Translation:The image that is used to cover the desk.
If it was "desktop"/monitor screen it might make more sense to me. But I guess we could literally take it as an image painted on a desk. My nephews have a small table with Mickey Mouse stuff painted on it. Dreaming up context I guess this could be a sweatshop in China making that table, a desk and lot other crap and someone is specifying one specific image(the desk one) for some purpose that was mentioned before this sentence. Maybe it was "Hey I need that image to sell to the knockoff sweatshop that I sell our company's secrets too. Which one?"
I would not over think any of these sentences. Many were probably assembled using software. It undoubtedly is technically very hard to start with a list of the most common words and try to make coherent sentences out of all them. I want to write a short story out of just the words covered in the skill tree when I finish the tree to see if I could do better. Cheap wood products are mostly particle board with laminated surfaces so It could be similar to decoupaging and "cover" might make sense in that context.
I love the story that's unfolded in my tree - so far my owl has fed a menagerie of animals, insects and sea life cheese, milk and beer, tried to attract people to his bedroom, started a revolution, been arrested and thrown in prison, joined the witness protection program, chatted up someone's girlfriend, and been thrown out by his wife and made to sleep on the sofa. Pictures covering desks is quite normal! Is it supposed to make me cry with laughter?!?!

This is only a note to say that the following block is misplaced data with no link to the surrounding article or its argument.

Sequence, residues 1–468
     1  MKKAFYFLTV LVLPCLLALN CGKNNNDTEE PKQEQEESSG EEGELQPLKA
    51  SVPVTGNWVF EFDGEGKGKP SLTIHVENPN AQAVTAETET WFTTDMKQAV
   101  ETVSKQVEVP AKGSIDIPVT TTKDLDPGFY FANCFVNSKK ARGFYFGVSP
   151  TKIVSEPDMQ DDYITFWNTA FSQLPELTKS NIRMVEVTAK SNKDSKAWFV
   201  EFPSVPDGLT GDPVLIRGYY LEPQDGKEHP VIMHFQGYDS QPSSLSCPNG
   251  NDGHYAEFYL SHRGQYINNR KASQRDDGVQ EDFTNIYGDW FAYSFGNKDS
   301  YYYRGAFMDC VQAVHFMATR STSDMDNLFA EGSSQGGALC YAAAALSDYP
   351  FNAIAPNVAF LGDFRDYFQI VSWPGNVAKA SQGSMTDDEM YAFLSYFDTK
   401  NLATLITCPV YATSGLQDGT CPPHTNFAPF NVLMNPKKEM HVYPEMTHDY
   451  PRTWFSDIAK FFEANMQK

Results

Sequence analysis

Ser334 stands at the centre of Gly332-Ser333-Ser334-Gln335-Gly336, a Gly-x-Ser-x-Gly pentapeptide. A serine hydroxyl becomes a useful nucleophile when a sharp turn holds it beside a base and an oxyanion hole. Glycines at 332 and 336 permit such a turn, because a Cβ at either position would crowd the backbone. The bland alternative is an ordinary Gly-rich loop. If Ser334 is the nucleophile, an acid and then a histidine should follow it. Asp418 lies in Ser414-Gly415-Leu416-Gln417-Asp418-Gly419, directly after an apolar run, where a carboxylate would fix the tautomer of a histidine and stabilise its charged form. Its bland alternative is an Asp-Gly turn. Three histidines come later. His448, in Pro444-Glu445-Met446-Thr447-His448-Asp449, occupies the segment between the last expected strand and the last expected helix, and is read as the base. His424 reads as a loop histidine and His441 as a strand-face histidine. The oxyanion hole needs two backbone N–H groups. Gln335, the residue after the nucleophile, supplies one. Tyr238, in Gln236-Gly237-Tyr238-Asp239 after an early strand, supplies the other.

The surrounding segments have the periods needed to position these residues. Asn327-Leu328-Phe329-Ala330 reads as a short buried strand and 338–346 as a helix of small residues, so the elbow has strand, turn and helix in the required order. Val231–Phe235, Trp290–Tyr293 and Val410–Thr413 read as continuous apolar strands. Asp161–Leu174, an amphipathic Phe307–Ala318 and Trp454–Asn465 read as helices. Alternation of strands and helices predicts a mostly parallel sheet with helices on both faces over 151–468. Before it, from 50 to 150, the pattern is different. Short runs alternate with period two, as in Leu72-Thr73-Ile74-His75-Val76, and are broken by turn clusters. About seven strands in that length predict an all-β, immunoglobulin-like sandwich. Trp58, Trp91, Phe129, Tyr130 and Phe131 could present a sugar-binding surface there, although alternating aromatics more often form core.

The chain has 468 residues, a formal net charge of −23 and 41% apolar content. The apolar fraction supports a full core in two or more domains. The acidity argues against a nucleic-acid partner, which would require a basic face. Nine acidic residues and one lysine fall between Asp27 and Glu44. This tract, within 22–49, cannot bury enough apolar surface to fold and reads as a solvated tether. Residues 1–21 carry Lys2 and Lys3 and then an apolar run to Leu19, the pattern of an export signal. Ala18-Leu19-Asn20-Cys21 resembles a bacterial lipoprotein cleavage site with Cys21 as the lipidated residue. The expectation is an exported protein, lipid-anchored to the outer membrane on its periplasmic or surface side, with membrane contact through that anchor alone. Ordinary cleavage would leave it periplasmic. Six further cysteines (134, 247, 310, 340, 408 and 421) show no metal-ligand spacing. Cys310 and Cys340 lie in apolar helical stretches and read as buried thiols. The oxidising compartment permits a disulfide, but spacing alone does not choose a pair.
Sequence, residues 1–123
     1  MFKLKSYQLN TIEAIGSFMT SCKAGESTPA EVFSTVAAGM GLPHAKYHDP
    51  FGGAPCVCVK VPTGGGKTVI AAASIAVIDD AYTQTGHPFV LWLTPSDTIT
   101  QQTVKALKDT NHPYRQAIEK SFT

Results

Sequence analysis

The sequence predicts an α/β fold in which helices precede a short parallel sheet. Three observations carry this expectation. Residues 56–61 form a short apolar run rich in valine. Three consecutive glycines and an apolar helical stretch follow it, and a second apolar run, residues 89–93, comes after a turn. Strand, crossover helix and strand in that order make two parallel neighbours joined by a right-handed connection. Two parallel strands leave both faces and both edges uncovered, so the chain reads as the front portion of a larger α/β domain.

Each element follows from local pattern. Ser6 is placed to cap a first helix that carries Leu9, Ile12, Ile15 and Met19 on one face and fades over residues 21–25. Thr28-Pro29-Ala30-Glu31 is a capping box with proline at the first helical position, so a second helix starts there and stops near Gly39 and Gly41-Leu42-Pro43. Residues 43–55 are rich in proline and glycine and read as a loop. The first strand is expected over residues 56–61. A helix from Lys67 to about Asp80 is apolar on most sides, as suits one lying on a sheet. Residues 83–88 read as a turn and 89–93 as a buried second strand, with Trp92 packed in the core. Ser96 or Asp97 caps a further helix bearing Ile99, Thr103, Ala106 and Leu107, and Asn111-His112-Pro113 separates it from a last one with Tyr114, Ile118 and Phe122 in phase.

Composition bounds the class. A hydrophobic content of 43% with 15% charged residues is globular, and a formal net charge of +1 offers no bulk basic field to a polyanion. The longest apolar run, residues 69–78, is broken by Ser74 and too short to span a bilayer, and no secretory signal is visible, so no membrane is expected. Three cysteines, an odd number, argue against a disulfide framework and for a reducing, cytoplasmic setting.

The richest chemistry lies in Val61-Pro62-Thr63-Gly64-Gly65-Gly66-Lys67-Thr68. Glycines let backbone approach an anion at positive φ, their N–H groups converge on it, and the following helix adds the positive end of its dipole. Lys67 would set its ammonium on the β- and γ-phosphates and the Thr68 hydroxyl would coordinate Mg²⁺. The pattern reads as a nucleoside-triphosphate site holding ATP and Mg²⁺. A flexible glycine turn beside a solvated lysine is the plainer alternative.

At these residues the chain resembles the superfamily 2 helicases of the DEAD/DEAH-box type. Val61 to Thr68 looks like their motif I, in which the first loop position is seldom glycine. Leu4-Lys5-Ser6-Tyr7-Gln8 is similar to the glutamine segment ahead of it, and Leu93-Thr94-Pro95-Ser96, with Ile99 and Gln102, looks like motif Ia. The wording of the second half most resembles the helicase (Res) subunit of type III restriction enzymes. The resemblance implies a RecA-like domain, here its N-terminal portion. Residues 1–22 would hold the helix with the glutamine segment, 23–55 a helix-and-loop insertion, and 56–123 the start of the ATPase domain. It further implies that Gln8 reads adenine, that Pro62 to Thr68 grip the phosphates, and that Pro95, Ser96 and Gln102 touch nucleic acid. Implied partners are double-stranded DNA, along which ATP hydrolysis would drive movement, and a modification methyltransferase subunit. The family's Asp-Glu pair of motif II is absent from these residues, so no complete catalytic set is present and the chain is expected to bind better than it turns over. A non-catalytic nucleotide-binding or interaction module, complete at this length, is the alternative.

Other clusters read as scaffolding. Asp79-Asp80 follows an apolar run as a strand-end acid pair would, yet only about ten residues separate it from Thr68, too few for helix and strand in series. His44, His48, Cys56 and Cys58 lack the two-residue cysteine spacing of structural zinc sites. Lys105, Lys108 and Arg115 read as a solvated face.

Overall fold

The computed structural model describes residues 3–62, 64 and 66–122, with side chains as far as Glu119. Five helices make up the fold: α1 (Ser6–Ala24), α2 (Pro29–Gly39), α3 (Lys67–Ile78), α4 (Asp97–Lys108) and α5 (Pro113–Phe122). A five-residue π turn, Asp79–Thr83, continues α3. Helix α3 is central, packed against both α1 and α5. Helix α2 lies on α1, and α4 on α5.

I totally agree. "Picture" in English can also refer to a design or image, so it should be accepted. Also, I used "which" instead of "that" and it was marked as an error. I was taught to use "who" or "whom" for people and "which" for inanimate objects and that "that", although accepted, was sloppy.
I wrote "the image uses itself to cover the desk." and was marked wrong. I think I understand Duolingo's answer, but I dont understand Duo's process/reasoning in getting to its answer. I thought SE means the verb acts for/upon the subject. Hence the " ....uses itself..." answer of mine. Please explain how utiliza turns into the past tense USED? Thanks
The use of participles isn't relevant to the verb being active or passive. Perhaps instead of participles you intended 'auxiliaries'. e.g I eat, I am being eaten; I call, I am called; I fell, I was felled. Each of the passive forms use an auxiliary verb. "Being" might be called a participle - but only in form, not function. A further difficulty with Manny's terminology is that English-speaking students are often (wrongly) taught that participles are verbs ending in -ing; this ignores the passive participles (Read throughout Australia, the newspaper ... "Read" is a passive participle.) Despite my apprehension about what MannyOD says about participles, his comment about the "se" is 'spot on'.